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Old 24-07-2012, 14:38
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Default Titanic - Last Farewell by Robert Taylor

Titanic - Last Farewell by Robert Taylor
Released April 2012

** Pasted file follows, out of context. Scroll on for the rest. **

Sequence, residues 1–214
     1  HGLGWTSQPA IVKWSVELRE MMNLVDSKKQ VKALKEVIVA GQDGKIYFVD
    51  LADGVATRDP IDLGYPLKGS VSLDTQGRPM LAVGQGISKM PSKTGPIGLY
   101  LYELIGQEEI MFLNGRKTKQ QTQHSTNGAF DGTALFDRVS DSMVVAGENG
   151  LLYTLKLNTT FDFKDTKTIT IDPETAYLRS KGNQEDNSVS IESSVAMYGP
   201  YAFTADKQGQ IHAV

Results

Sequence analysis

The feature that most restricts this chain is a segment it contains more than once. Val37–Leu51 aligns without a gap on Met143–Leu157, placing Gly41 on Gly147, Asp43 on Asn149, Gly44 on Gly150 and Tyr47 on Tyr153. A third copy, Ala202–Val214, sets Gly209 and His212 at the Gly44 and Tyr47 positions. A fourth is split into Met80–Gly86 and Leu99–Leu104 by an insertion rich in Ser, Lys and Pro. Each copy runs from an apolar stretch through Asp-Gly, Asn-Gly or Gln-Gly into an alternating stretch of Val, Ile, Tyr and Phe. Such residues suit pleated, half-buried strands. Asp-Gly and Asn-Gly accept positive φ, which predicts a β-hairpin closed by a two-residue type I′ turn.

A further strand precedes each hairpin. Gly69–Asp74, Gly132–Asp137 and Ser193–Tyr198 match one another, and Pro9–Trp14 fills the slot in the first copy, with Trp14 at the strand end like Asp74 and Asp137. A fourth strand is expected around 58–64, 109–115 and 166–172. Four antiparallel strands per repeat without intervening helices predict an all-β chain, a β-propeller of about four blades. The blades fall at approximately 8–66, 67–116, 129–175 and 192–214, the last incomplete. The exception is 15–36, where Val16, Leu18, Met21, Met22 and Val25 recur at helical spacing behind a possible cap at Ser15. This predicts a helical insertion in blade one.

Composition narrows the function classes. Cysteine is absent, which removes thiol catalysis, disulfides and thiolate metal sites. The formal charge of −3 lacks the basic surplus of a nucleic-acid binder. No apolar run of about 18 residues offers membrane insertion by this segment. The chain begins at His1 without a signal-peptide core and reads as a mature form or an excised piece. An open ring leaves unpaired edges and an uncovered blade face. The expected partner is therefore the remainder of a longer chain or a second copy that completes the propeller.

It was a bitterly cold, crystal clear night and the sea was flat and calm. In the crow's nest of RMS Titanic, four days out from Southampton, two vigilant lookouts shivered uncomfortably, the warmth of their breath steaming in the freezing air. With warnings of ice ahead they were both tense and alert, they had to be, especially as no-one had seen fit to issue them with binoculars. And then, at 11.40pm, they saw it dead ahead - an iceberg. With adrenalin pumping through their veins they rang the warning bell and hailed the bridge. As the First Officer urgently ordered 'hard-a-starboard' and put the engines into reverse, thirty-seven seconds slowly passed. Imperceptibly the Titanic began to turn, but it was too late. The lookouts could only stare in horror as the ship's starboard side struck the deadly ice. An ominous shudder ran through Titanic. Those passengers still awake glanced anxiously at one another - surely nothing could be amiss since this was the safest ship in the world, 'practically unsinkable' her owners had said, designed to float ever if three of her sixteen bulkheads were full of water. But now six were punctured and filling fast, Titanic was sinking. 'Practically unsinkable' had also meant that only twenty lifeboats had been installed, principally there to rescue others from sinking ships. Only when the final order to 'Abandon Ship' was given did the passengers realise there were nowhere near enough lifeboats to go round. In the tradition of the sea it would be a case of 'women and children first'. With tearful, heart-wrenching good-byes husbands said farewell to their families and stood bravely to await their fate, knowing their own chance of survival was probably zero. In the lifeboats the survivors could hardly bear to watch as the ship slowly died, her lights disappearing one by one until, just after a quarter past two in the morning, her stern suddenly reared and Titanic plunged to her watery grave. Over 1500 passengers and crew died with her. A few days earlier, however, the scene had been so different. The bands had played, the streamers flew and the crowds had cheered as the world's newest and largest liner slipped away from the White Star berth at Southampton for her maiden voyage to New York. RMS Titanic was a majestic sight as she sailed down Southampton Water and into the Solent accompanied by a flotilla of all shapes and sizes. This is the moment that Robert Taylor has chosen for this magnificent new painting. As some of the world's wealthiest people promenade on the deck to admire the occasion, others sipped their cocktails in opulent staterooms. The White Star had spared no expense for their important First Class passengers.

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